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Policewatch Films

Friday, 5 December 2008

European Court Rules on DNA

European Court Rules on DNA

The European Court of Human Rights in Strasbourg yesterday found that the keeping of DNA from people who have no criminal convictions was a breach of their Article 8 rights to privacy. This should mean that the police will be forced to destroy hundreds of thousands of samples, including 40,000 taken from children.

This is exceptionally good news in itself, but the ruling could also re-open the debate about whether photographs and film retained by police public order intelligence units could also be a breach of Article 8. The courts have been heavily influenced by the DNA case when looking more generally at police rights to collect and collate data. Now the House of Lords decision on DNA is in tatters, the courts may be forced to accept that other forms of police data gathering also breach the Convention.

Of course, much depends on the government response to this ruling. The European Convention on Human Rights is not exactly popular amongst either of the two main political parties and there have been murmurings for many years that the European Court has too much sway over UK law. Jacqui Smith has so far commented only that she is ‘disappointed’ with the ruling and that the government will now ‘carefully consider the judgement’.


Anonymous said...

I understand and accept the principles on which this was taken to court and the judgement won, and whilst I recognise that this does represent a light at the end of the tunnel for this cause, it is irrefutable that over 100 murderers, over 100 rapists and nearly 70 other sex offenders have been caught due to records kept on the DNA database. Those offenders were caught, and prevented from committing further crimes solely because of the way DNA was retained prior to this ruling. I accept that many innocent peoples DNA was retained, and the concern this causes, but given that in future those offenders will go free to create more victims of these heinous crimes, is this not a bittersweet victory?

Anonymous said...

"I accept that many innocent peoples DNA was retained, and the concern this causes, but given that in future those offenders will go free to create more victims of these heinous crimes, is this not a bittersweet victory?"

no its not the same searches will still be made, if you are arrested of a serious arrestable offence, then dna will be taken regardless of whether you are innocent or guilty, the search will still take place, (eg abh, fighting), which is how many have been caught so far (breach of the peace may not qualify). If afterwards however you are either let off, charges dropped or found innocent in court your details will now be wiped, but it wont stop the dna searches, it just means that an ever widening of the database will stop, unless you are convicted or there are dna samples which are from a crime scene. and as most of those who have been caught, are likely to be arrogant enough to be caught again, so it will still work.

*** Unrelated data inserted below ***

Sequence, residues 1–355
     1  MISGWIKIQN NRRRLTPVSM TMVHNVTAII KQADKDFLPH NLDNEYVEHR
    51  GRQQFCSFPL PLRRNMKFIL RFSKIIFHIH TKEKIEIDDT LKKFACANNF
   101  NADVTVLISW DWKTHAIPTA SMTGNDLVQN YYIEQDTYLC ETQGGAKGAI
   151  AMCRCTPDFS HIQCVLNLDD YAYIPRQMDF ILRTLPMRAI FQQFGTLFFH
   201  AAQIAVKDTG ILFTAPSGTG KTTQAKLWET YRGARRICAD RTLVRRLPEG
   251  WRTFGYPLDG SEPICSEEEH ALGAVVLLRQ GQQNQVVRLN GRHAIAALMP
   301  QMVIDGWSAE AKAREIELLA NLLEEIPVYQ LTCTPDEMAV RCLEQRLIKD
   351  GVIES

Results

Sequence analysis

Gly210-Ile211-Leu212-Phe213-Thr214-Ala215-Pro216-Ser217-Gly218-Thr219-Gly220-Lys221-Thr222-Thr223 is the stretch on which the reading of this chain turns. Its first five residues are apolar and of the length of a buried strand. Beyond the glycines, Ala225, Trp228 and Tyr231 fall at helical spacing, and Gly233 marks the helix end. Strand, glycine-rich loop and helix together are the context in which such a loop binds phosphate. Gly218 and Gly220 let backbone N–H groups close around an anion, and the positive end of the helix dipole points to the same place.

oh and by the way I doubt anyone arrested for anything to do with fitwatch will have to give dna either, as I doubt its a serious arrestable offence, it is a non recordable offence. ie is not criminal, but they may argue it is about to be, but proving there is terrorist intent is utter rubbish, as proved by the muslim girl who called herself the "lyrical terrorist", who has now been acquitted.

see and read

see down the list no numbers no warrant card no powers. So g8 lot with no numbers, be warned you are acting illegally and can be ignored.

re dna

down the list for a bindover

though as we have lately seen re-parliament the police will B*****t the law they are hear to uphold just to get a pat on the back in canteen, just stop and think for a second, millions of people died for justice in this country, the way we are going we will have achieved all of hitlers aims through the back door if we are not careful and that goes for the ones, making it up, be very careful.

Anonymous said...

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Anonymous said...